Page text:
The most honest part of the body: Accurately reading body language

Most of us know that nonverbal communication plays a bigger part in what we actually communicate than our words. Some speculate that it represents up to 80% of what we are communicating. Understanding people’s nonverbal signals more clearly, therefore, can be a huge advantage in business — or in life generally.

Do you know what is the most honest part of the body? Most people guess the eyes. According to Joe Navarro, a decorated ex-FBI Agent, the feet (along with the legs) are most likely to reveal the true intentions of a person, and thus, be the prime place to look for nonverbal signals that accurately reflect what a person is thinking.

In his book, “What Every Body is Saying“, Navarro explains that long before we humans could speak, we reacted instinctively with our feet and legs to the dangers of our hostile environment. Today, our feet still react subconsciously — instinctively. They give away our true intent.

Ever seen happy feet, bouncing in exuberance? There’s no mistaking it. We all know when someone is happy by their feet. When playing cards, we hold in high regard the ability to hide our emotions with a poker face. In other words, we are taught to deceive with our face and words. However, if you look down toward a player’s feet, they often subconsciously reveal what the poker face is trying to hide.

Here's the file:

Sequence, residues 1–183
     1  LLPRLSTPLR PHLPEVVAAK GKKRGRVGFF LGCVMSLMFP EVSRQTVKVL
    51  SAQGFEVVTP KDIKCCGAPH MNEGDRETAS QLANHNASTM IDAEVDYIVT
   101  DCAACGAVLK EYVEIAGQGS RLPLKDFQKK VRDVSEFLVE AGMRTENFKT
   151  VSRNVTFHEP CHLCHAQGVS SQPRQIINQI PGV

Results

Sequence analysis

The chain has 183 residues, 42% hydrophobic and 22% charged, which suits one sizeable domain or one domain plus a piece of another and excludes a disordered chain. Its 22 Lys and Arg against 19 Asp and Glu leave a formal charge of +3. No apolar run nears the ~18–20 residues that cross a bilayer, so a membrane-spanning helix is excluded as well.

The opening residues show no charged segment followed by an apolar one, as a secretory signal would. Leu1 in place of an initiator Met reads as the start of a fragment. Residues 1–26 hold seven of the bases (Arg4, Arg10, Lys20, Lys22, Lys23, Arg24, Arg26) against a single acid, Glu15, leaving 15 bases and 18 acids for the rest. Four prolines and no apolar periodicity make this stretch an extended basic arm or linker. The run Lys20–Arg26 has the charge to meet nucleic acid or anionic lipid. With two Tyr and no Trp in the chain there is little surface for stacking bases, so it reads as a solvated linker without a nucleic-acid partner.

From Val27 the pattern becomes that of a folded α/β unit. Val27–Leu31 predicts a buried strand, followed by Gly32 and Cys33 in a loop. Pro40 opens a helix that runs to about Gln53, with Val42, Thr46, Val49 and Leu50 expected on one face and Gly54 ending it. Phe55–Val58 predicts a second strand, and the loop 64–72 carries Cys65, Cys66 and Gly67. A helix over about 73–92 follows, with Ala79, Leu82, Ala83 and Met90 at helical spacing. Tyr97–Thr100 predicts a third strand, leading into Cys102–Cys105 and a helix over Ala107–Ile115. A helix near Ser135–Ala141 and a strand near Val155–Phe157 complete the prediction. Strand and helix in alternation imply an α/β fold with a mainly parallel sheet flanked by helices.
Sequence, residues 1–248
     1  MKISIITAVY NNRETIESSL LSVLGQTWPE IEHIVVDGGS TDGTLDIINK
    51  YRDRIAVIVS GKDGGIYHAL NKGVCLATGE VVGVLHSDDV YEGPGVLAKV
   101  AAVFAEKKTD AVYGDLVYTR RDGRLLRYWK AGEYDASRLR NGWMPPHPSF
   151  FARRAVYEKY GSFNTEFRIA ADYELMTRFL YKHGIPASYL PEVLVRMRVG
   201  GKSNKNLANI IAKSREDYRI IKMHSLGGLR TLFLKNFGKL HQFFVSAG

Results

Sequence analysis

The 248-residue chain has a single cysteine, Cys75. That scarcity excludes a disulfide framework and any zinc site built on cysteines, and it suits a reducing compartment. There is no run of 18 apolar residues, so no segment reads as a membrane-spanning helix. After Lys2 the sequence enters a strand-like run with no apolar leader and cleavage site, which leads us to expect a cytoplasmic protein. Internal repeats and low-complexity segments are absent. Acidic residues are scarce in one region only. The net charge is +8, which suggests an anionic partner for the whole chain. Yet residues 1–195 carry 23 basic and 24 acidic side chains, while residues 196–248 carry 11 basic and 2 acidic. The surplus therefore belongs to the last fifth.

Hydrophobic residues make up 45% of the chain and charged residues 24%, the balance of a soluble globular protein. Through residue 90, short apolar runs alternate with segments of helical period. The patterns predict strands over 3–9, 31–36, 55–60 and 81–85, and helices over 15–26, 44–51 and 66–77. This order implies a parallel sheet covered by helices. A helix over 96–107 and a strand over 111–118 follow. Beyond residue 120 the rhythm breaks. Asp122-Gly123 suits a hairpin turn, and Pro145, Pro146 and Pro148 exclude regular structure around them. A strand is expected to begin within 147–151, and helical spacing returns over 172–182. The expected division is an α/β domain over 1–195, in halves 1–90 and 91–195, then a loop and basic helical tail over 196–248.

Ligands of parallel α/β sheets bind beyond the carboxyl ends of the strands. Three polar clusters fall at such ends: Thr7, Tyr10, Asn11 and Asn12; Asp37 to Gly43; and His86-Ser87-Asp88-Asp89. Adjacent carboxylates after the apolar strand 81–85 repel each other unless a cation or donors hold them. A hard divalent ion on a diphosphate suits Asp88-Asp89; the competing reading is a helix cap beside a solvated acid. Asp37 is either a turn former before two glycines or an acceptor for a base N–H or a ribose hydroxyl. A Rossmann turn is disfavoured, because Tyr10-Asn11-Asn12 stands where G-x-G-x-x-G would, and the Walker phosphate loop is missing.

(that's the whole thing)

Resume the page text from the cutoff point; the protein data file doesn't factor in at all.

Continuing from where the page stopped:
Next time you are interviewing a work candidate, check out the feet for nonverbal cues. I’ve interviewed a candidate once where the feet were obviously happy when talking about his past accomplishments. However, as soon as I asked about his relationship with his former boss, his feet froze. Obviously, I knew then that I needed to better understand the reasons behind  his conflict with his last supervisor.

One of the most awkward times can be when networking in a room full of strangers. If you approach a group of people in a conversation, and they turn their torso to greet you but not their feet, you can safely assume you may be interrupting. However, if they turn their feet toward you to include you into the group, you are being welcomed.

Any time a person turns his or her feet away from you, especially toward an exit, the person either wants out of the conversation or has somewhere to go. In that case, I try to give that person an easy out to leave. Don’t hold the person hostage regardless of the fact that your sales pitch is not completed. You’re not closing that deal anyways.

Since it’s near Valentine’s Day, let’s observe our feet behavior in romance. If you watch a “Valentines” couple this weekend at a nice restaurant, they may at first be engrossed in a deep conversation which over the course of dinner wanes, until they don’t seem to be talking anymore. Trouble for the couple? Not necessarily. If their legs remain in close proximity, often brushing against each other. The romance is red hot and words are no longer necessary!

Understanding the language of the feet can help you read other people’s intents whether at work, on a bus, or in romance. Best you pay attention.